How many shipping containers are lost at sea each year?

According to our calculation from multiple reports, between 2008 and 2022, there were an average of 1,622 containers lost at sea each year. In recent years, the number of containers lost at sea has fluctuated. According to the WSC Containers Lost at Sea Report covering 2020-2021, containers lost overboard represent less than 1% of the roughly 226 million containers shipped each year. In the 2020-2021 period, 3,133 containers were lost overboard, compared to 779 in the previous three years.

How Many Shipping Containers Are Lost At Sea

Lets look at the numbers of shipping containers are lost at each year. 

Shipping Containers Lost At Sea By Year

Year# of Shipping Containers Lost at Sea
Source: SeaTrade Maritime, World Shipping Council, Maritime Executive, Statista

Are shipping containers lost at sea recovered? 

Are shipping containers lost at sea recovered? 

Recovering shipping containers that get lost at sea is an extremely difficult task. When these containers sink down to the ocean floor, especially at depths of thousands of feet, retrieving them becomes a formidable challenge. Even those that stay afloat can pose problems, as they often drift far from where they were lost. These floating containers can remain on the surface for several weeks before sinking.

A significant obstacle in this situation is the absence of international laws mandating the reporting of lost containers, except for those containing hazardous materials. As a result, most container losses go unreported and, subsequently, unrecovered. Recovery efforts are primarily focused on containers with hazardous content that end up on shores, in an attempt to reduce environmental and safety hazards.

In some rare cases, efforts are made to track and recover significant losses of containers, such as the incident with the Tokio Express Lego spill. However, these recovery and cleanup operations are often expensive and complex. Advances in technology, like the use of underwater robots, have helped in retrieving some containers from the seafloor, but the majority remain lost.

Due to the immense difficulties and high costs involved, it is likely that the vast majority of containers lost at sea are never recovered. Therefore, preventing these losses by improving shipping practices is crucial. Shipping companies need to prioritize enhancing safety measures and preventing the loss of containers, rather than relying on the slim possibility of recovery after an incident.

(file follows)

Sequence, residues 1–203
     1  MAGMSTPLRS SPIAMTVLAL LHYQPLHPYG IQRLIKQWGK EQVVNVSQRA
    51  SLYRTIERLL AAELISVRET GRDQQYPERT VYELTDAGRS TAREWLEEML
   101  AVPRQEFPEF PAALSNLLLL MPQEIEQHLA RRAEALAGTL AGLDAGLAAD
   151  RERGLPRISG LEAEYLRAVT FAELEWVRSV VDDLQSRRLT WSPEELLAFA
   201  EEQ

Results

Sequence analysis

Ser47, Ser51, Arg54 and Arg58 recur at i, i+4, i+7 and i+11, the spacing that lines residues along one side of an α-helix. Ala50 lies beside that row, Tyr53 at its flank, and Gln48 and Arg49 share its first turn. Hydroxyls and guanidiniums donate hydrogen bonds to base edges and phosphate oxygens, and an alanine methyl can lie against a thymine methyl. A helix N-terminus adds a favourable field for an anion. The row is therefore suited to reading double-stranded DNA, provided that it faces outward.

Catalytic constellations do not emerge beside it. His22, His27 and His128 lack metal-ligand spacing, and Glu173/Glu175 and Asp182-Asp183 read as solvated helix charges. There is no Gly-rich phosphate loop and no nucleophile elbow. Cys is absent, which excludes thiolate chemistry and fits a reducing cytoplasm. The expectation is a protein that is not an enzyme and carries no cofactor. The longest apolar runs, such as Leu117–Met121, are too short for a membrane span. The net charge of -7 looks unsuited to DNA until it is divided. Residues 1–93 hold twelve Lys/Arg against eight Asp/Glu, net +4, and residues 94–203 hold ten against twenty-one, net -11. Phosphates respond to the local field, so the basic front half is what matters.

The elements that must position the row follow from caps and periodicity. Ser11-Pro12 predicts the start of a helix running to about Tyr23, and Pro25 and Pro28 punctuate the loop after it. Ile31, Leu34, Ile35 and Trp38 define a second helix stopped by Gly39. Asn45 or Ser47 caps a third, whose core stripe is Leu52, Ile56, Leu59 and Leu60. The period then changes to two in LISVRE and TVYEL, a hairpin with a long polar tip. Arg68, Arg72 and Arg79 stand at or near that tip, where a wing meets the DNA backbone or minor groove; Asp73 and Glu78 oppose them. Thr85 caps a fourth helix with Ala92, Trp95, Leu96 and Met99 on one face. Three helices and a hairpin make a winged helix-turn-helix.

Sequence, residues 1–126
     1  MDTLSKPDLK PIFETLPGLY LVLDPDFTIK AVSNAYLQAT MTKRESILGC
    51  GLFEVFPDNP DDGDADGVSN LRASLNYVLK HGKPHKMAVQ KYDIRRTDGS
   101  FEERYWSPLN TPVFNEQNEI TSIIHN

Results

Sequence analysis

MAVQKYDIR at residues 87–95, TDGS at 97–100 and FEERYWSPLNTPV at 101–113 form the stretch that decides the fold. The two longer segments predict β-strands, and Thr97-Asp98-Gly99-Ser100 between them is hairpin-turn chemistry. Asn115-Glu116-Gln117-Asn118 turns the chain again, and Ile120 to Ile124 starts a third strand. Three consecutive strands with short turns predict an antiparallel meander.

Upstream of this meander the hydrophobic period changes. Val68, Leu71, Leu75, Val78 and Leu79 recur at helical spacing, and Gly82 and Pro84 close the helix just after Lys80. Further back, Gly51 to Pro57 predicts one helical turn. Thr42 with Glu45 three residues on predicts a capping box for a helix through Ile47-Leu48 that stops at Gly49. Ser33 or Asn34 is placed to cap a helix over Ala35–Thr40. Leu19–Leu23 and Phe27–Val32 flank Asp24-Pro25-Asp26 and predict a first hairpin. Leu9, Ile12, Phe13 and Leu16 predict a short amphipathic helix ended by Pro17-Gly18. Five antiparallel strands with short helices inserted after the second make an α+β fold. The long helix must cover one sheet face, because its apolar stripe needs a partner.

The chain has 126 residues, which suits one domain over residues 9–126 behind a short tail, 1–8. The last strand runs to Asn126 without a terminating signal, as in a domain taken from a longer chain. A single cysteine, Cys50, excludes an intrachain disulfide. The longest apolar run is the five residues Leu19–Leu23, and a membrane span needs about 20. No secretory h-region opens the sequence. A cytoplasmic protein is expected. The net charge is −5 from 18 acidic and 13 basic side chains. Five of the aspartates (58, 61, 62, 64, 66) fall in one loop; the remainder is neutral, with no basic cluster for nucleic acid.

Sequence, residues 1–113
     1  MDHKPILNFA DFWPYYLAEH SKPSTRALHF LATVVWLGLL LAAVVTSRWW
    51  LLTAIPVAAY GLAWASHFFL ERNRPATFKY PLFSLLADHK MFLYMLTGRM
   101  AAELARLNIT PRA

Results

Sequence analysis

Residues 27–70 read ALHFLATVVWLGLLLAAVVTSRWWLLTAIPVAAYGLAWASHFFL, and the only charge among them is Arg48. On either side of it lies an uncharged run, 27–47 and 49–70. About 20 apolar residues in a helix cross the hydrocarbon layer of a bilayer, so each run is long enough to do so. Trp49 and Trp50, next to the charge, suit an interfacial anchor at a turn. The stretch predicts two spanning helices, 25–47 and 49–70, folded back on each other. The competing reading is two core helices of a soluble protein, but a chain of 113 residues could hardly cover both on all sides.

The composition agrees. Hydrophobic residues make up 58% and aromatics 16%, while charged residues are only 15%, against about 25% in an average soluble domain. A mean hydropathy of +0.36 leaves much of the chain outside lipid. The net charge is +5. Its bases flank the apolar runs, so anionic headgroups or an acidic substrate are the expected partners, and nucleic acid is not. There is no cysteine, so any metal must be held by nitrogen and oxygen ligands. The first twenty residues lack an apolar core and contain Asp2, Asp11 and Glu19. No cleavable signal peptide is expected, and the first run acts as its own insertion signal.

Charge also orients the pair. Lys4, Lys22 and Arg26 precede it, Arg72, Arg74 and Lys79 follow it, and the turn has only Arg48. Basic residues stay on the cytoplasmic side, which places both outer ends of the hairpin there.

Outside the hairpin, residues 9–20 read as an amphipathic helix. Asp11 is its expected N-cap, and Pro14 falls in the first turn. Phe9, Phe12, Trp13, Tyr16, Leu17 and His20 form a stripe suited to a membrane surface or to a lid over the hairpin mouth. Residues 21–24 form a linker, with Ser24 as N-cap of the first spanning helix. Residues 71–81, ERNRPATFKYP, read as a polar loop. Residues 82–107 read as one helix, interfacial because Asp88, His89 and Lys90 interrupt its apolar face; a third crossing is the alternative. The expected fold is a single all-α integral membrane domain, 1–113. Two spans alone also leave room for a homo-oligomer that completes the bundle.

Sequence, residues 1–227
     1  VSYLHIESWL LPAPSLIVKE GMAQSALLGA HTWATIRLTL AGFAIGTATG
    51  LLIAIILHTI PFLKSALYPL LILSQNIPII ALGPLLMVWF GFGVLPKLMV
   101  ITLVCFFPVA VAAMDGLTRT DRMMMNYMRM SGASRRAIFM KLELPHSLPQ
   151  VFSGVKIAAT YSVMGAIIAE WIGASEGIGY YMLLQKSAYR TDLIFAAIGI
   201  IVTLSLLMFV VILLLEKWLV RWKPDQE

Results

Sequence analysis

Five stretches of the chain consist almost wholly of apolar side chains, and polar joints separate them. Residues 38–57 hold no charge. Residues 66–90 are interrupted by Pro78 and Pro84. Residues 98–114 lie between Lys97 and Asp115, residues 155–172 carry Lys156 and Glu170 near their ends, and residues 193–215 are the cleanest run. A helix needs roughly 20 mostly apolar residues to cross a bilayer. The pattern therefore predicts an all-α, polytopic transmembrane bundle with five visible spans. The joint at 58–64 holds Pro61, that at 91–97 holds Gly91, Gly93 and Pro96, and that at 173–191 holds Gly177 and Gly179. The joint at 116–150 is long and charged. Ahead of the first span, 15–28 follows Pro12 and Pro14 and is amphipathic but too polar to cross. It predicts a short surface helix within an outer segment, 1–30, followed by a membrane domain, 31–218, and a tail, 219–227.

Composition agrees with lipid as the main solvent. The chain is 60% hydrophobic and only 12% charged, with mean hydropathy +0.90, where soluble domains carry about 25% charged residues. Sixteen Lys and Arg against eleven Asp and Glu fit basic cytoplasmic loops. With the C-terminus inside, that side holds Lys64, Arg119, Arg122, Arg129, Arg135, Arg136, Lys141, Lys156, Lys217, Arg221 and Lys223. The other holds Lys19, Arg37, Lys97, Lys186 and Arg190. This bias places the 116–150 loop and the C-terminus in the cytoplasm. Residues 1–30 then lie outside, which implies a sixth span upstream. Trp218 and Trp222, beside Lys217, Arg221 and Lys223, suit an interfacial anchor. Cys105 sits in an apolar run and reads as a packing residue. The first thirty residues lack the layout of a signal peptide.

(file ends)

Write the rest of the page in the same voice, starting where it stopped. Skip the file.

Most Expensive Container Lost At Sea

Container ship accidents can result in huge economic losses from damaged and lost cargo. Historically, some of the most valuable cargo lost at sea includes precious metals, jewels, and artifacts that would be worth billions today if recovered. 

Here are the list of most expensive container ship accidents and cargo lost at sea:

  • The ONE Apus lost over 1,800 containers in the Pacific Ocean in 2020, one of the largest losses of containers at sea. Total losses estimated at $200 million.
  • The MOL Comfort broke in half and sank in 2013 with 4,293 lost containers. Insurance claims exceeded $400 million.
  • The MV Rena ran aground in New Zealand in 2011 spilling oil and containers. Cleanup costs exceeded $700 million.
  • The Ever Given blocked the Suez Canal for 6 days in 2021, delaying $9 billion in trade per day.
  • The Titanic sank in 1912 with cargo worth over $7 million at the time. Artifacts recovered in the 1980s-90s valued at $200 million.
  • The Flor de la Mar, a Portuguese ship lost in 1511, may have carried up to 80 tons of gold, 200 chests of jewels, and other treasures worth over $2 billion today.
  • The treasure fleet of 1715 that sank during a hurricane off Florida contained gold and silver worth up to $400 million total.
  • The Amber Room, looted by Nazis in WWII, contained gold decorations and precious jewels. Estimated value is $500 million if found.

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